As was the case with Tupac Shakur, the last days of Chad Butler’s appeared to be uncharacteristic. Pimp C, the sonic force and microphone menace from UGK got the #1 album recognition that he and partner Bun B so deeply deserved, and then a new side stepped in. In his interviews and in his verses, the recently-freed rapper/producer began taking umbrage with high-profile peers, in what appeared to be an air of bitterness towards the music industry. Almost five years later, there’s some validity to the points that the Slab Music pioneer made. However, the artist fans tend to think of is a more jovial, comically-crude Butler. While there are glimmers of that on Still Pimping, it more so appears that the prolific artist’s catalog reserves are nearly drained.

“Grippin’ On The Wood” is one of the album’s finer offerings. Bun and Pimp stay in their UGK lane with brag raps, references to other emcees, and that classic trunk-waving entrance music to the boulevard. Big K.R.I.T., without a doubt a modern influence of the pair, fits in nicely on whimsical percussion with smooth accenting keys. “Like Us,” sounds more like the Pimp C we heard on his two solo albums released while living. The song falls in line with Pimp’s West Coast influences, as the record speaks of gangbang-friendly music and sets. NoCal veteran C-Bo hops on the track, which has a great deal of Soul, with hard deliveries complemented by diced up organ hits. “Gorillaz” is a polarizing listen. The repetitious “I got gorillas in my trunk” may appear lazy to some. However, this is the tongue-in-cheek style that made Pimp C great. Here, one can hear the influence on Gucci Mane, Trill Fam and others – as the inevitably catchy chorus is supported by clever wordplay that isn’t funny at all, and a beat that knocks like a constable.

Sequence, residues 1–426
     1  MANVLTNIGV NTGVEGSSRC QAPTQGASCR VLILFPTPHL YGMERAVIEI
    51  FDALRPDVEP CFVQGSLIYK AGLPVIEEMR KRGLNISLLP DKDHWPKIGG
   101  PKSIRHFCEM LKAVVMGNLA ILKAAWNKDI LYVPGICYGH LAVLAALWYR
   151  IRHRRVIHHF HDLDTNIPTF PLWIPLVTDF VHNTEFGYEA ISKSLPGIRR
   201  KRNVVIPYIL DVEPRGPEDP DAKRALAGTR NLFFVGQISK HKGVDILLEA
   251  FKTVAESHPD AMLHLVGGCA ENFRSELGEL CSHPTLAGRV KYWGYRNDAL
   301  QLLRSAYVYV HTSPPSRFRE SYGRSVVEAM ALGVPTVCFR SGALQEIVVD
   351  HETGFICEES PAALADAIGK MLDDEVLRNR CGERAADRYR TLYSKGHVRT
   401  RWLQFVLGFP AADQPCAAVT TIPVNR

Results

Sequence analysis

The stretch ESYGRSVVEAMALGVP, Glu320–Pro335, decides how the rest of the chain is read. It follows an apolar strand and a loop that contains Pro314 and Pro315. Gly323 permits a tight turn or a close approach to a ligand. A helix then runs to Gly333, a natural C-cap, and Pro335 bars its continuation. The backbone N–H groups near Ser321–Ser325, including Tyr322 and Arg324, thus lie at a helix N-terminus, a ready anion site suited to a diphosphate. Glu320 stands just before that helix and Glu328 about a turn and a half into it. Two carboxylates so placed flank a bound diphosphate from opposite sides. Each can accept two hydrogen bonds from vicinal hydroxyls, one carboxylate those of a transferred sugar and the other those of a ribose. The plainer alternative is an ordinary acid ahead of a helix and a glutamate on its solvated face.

“I’m So Proud Of Ya” is plagued by a common problem found in posthumous efforts. Pimp C’s quick verse appears to be about protecting his pimping from poachers, while guests Cory Mo and Hezeleo drag out a record that heads in a direction of just general exploits. “Notes On Leases” and “F**k Boy” play more into those Pimp C tirades from late 2007, where the pioneer pulled the cards of many of his musical disciples for everything from street credibility to the validity of their trap claims in lyrics. Rap-A-Lot Records and the production team show effort in making these appear like songs, but compared to even last year’s  Naked Soul of Sweet Jones, things are amiss. As has been the case with later 2Pac releases, these come across in large part as unfinished ideas, and a side of the artist never intended to be heard – just sketches from a tumultuous period.

With legal battles in tow, Still Pimping will likely be the last batch of new music heard from Pimp C. Curiously, the instrumental “Pimptro” speaks volumes about what all UGK fans feel – an emptiness in the wake of true musical talent. Chad Butler helped hone a sound that connected Hip Hop to the pages of Iceberg Slim and the backing music of small southern churches. It was a contradiction in of itself, but one that seemed to make so much sense throughout the last 15 years. Still Pimping connects that blueprint to those who recognized it then, and those who will see the sermon through.